April 15, 2021

April 15, 2021

April 15, 2021

Daniel 9:1-19
Nancy M. Alley
Laity, Prospect UMC
Appalachian District

Daniel 9:1-19

Daniel’s Prayer

9 In the first year of Darius son of Xerxes[a] (a Mede by descent), who was made ruler over the Babylonian[b] kingdom— 2 in the first year of his reign, I, Daniel, understood from the Scriptures, according to the word of the Lord given to Jeremiah the prophet, that the desolation of Jerusalem would last seventy years. 3 So I turned to the Lord God and pleaded with him in prayer and petition, in fasting, and in sackcloth and ashes.

4 I prayed to the Lord my God and confessed:

“Lord, the great and awesome God, who keeps his covenant of love with those who love him and keep his commandments, 5 we have sinned and done wrong. We have been wicked and have rebelled; we have turned away from your commands and laws. 6 We have not listened to your servants the prophets, who spoke in your name to our kings, our princes and our ancestors, and to all the people of the land.

7 “Lord, you are righteous, but this day we are covered with shame—the people of Judah and the inhabitants of Jerusalem and all Israel, both near and far, in all the countries where you have scattered us because of our unfaithfulness to you. 8 We and our kings, our princes and our ancestors are covered with shame, Lord, because we have sinned against you. 9 The Lord our God is merciful and forgiving, even though we have rebelled against him; 10 we have not obeyed the Lord our God or kept the laws he gave us through his servants the prophets. 11 All Israel has transgressed your law and turned away, refusing to obey you.

“Therefore the curses and sworn judgments written in the Law of Moses, the servant of God, have been poured out on us, because we have sinned against you. 12 You have fulfilled the words spoken against us and against our rulers by bringing on us great disaster. Under the whole heaven nothing has ever been done like what has been done to Jerusalem. 13 Just as it is written in the Law of Moses, all this disaster has come on us, yet we have not sought the favor of the Lord our God by turning from our sins and giving attention to your truth. 14 The Lord did not hesitate to bring the disaster on us, for the Lord our God is righteous in everything he does; yet we have not obeyed him.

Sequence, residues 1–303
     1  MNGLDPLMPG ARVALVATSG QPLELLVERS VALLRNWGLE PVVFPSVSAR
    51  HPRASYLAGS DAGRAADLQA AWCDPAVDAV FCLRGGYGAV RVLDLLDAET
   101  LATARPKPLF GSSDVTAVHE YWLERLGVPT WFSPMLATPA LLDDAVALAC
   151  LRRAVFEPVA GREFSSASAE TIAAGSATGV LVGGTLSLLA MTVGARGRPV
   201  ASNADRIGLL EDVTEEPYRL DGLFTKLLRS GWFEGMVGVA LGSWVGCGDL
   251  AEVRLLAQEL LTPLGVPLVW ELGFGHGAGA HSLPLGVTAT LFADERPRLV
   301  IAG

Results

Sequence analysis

15 “Now, Lord our God, who brought your people out of Egypt with a mighty hand and who made for yourself a name that endures to this day, we have sinned, we have done wrong. 16 Lord, in keeping with all your righteous acts, turn away your anger and your wrath from Jerusalem, your city, your holy hill. Our sins and the iniquities of our ancestors have made Jerusalem and your people an object of scorn to all those around us.

17 “Now, our God, hear the prayers and petitions of your servant. For your sake, Lord, look with favor on your desolate sanctuary. 18 Give ear, our God, and hear; open your eyes and see the desolation of the city that bears your Name. We do not make requests of you because we are righteous, but because of your great mercy. 19 Lord, listen! Lord, forgive! Lord, hear and act! For your sake, my God, do not delay, because your city and your people bear your Name.”


In the scripture reading preceding the printed verses, Daniel realized that the predicted years of the Jew’s captivity were almost over. Daniel prayed a fervent prayer to God, pleading that God would keep his covenant with the people of Israel. However, Daniel knew that the people had sinned by not listening to the prophets, rebelling against God, and failing to keep the law.  Daniel prayed for God’s forgiveness, favor, and mercy, even though he knew the people could not receive these blessings from God if receiving blessings were based on the people’s own goodness. Daniel stated clearly in the selected scripture passages noted that he was not making his requests because of the people’s own righteousness; no, Daniel depended on God’s great mercy.

How many times have we said or heard others say, “God has blessed me”?  Yes, God blesses us, but do our words sometimes sound as if we are bragging about our blessings? When we talk about an answered prayer for healing, for a new job, or for a renewed relationship, how might the person feel who prayed fervently for healing but wasn’t physically healed; or who prayed for a job, but is still unemployed? Perhaps we need to choose our words more carefully in some situations so that we do not appear to specially deserve God’s blessings. God blesses us because of who God is – not who we are.  We may need to be careful when we say, “I am blessed,” to be more certain that others don’t interpret our statement to mean, “Look at me. I deserved a blessing.” Instead, the emphasis must be on our God who, in his mercy and love, provides the blessings.

Perhaps, when we are sharing our faith with others, we should name those blessings from God that are available to everyone who believes – blessings such as God’s presence with us each day; God’s love for us; God’s promise of salvation; and Christ’s love and example of the way to live. Let us “brag” on these blessings given to all who will accept them, blessings that are ours when life goes as we want and when times are hard for us. As Daniel said, we do not make our requests to God because of our righteousness, but because of God’s great mercy.


Lord, we humbly pray for your continued presence, mercy, and blessings. Amen.